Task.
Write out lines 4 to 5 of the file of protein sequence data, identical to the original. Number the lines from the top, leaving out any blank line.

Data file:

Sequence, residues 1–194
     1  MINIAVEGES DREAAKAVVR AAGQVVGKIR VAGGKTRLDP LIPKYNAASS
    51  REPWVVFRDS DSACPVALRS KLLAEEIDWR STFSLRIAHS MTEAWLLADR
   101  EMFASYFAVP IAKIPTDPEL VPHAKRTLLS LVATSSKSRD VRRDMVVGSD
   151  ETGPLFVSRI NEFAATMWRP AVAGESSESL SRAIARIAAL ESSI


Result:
   101  EMFASYFAVP IAKIPTDPEL VPHAKRTLLS LVATSSKSRD VRRDMVVGSD
   151  ETGPLFVSRI NEFAATMWRP AVAGESSESL SRAIARIAAL ESSI